Over the past decade, manufacturers of electronic cigarettes, or e-cigarettes, have marketed their product as a safe alternative to smoking. Indeed, their efforts have been largely successful, with an estimated 2 million adults and teens reporting they have used an e-cigarette within the past three days.
That being said, the federal Food and Drug Administration has not approved the use of e-cigarettes as a stop-smoking aid. The U.S. Preventative Services Task Force agrees, noting that there is insufficient evidence supporting the use of e-cigarettes for those who want to quit smoking. Part of the reason why e-cigarette use has not been approved is the lack of longitudinal studies following the health of those who use them on a routine basis.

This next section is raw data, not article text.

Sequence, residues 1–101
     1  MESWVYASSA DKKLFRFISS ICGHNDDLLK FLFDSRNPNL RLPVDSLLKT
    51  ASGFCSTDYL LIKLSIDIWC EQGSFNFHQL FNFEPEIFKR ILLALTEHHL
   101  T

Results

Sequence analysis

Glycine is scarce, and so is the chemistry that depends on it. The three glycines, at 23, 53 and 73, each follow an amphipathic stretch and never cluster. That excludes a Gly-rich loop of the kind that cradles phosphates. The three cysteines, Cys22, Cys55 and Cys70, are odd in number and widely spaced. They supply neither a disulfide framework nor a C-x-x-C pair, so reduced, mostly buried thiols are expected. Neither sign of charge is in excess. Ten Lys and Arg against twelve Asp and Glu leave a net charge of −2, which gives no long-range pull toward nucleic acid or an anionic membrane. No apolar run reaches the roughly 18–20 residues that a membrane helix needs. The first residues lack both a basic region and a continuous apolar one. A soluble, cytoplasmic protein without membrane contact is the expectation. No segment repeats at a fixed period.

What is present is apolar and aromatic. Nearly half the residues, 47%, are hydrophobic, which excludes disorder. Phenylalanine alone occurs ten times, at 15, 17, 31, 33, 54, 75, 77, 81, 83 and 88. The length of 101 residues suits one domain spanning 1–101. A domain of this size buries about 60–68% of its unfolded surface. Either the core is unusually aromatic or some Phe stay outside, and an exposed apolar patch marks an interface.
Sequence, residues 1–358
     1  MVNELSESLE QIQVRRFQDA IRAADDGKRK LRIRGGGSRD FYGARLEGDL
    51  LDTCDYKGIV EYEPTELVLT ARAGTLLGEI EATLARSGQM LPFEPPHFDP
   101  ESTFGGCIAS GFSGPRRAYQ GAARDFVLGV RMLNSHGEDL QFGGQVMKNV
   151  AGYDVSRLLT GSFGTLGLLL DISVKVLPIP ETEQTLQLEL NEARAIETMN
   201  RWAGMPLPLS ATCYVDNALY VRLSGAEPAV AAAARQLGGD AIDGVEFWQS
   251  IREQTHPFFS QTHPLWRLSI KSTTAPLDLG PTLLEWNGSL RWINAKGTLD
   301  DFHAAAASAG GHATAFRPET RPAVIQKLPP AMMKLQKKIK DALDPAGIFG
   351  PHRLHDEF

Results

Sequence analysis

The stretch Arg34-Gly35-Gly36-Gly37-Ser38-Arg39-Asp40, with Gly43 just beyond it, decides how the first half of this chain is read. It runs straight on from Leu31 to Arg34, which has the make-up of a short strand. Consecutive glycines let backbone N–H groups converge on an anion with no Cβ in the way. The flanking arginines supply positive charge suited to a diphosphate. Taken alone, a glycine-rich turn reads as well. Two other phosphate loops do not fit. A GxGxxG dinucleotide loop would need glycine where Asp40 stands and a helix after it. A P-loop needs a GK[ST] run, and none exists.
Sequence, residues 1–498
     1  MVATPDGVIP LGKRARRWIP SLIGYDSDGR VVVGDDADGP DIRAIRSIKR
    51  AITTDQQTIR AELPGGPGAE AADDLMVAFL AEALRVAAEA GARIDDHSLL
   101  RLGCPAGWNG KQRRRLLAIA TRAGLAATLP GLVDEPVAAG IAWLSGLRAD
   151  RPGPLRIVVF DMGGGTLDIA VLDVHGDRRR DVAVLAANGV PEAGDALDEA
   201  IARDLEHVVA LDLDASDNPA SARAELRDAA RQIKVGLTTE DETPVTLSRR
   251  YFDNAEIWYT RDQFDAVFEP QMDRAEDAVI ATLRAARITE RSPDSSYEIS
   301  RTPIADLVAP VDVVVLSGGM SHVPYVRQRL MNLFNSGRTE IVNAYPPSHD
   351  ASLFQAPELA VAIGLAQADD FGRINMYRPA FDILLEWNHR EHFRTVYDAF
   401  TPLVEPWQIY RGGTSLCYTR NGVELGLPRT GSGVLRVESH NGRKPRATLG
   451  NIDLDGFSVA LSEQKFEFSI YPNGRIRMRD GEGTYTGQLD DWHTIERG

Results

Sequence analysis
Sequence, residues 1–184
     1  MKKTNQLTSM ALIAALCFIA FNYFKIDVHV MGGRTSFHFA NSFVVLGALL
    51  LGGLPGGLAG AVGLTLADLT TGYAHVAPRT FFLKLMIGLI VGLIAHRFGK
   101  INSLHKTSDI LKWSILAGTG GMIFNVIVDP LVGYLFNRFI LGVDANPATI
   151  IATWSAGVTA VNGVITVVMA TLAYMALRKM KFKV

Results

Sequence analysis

In recent news, according to a study released by researchers out of New York University and published in Proceedings of the National Academy of Sciences, e-cigarettes may still pose a potential risk of lung cancer, bladder cancer and heart disease. Depending on the results of further research, users of e-cigarettes who develop lung cancer, bladder cancer or heart disease may be eligible for compensation through a product liability lawsuit against the manufacturers of these products.